It is a situation that is becoming all too common in Indiana and across the nation. The cash flow and working capital of farming operations is just not good enough to secure operating loans from banks and the farm credit system. As a result, farmers are turning to the government in record numbers. Julia Wickard, head of the Indiana Farm Service Agency, says the number of applications for loans is up 45% this year over last year, “Last year at this time, we had obligated about $78 million. So far this year, we have obligated over $123 million. That is over a 60% increase.”
She told HAT the requests are coming from both large and small operations and, for the most part, are seeking operating loans for the 2016 growing season, “Our employees at our nine loan centers across the state are working very hard to get the producers the funds they need in time for this year’s crop.”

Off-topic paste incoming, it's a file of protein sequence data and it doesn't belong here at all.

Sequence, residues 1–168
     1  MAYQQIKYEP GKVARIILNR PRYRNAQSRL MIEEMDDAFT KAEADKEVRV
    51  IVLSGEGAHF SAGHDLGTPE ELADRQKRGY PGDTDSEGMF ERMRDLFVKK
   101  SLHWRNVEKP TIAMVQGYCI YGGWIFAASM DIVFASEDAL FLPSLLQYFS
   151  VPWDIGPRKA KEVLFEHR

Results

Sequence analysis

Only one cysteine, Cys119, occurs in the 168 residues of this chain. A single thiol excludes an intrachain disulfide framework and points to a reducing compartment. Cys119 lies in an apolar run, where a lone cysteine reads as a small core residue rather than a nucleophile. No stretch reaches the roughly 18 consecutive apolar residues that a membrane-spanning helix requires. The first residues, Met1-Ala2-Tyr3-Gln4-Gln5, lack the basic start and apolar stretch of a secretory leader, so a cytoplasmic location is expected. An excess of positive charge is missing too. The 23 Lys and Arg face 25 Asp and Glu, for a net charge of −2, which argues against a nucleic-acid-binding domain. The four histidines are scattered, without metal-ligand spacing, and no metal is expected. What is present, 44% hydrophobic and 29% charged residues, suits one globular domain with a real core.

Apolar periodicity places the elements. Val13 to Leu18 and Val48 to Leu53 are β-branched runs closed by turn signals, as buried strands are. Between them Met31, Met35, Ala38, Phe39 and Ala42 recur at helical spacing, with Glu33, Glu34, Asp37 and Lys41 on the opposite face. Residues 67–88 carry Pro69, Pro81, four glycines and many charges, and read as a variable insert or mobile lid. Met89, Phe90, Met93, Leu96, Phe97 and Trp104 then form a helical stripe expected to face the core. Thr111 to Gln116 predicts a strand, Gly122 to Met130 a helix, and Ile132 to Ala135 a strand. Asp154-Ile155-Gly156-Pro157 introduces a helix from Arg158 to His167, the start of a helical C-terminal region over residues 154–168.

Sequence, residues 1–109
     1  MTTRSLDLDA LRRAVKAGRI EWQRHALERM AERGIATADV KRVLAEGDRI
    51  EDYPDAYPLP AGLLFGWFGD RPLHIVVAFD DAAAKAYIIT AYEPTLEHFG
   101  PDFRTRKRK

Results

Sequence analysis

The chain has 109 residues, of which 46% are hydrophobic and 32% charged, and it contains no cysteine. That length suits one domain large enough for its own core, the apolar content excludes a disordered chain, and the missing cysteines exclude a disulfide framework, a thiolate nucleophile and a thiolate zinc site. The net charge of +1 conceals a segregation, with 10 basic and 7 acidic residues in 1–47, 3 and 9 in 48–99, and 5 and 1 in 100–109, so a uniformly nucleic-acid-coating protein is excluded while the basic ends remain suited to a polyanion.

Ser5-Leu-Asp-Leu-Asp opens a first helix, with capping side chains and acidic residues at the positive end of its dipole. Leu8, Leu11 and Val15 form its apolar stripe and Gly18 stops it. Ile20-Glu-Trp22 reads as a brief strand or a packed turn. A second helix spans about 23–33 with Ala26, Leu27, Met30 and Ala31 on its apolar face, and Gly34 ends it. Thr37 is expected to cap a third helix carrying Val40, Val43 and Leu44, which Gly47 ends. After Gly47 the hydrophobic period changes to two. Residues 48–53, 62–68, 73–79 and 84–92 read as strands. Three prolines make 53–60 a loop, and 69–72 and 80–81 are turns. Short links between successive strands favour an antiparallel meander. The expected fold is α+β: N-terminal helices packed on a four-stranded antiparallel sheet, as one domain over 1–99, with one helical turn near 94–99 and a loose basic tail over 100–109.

But without additional funding from Washington, Wickard says her agency may be out of money by this summer, “At our current burn rate, we will run out of funds by mid-summer.” She stated that Congress will need to come up with additional funding to meet the credit needs of producers as the downturn in the farm economy continues. She added that, with farm income expected to be down for 2017, she sees no letup in the number of operations that will need help to stay in business for the next year.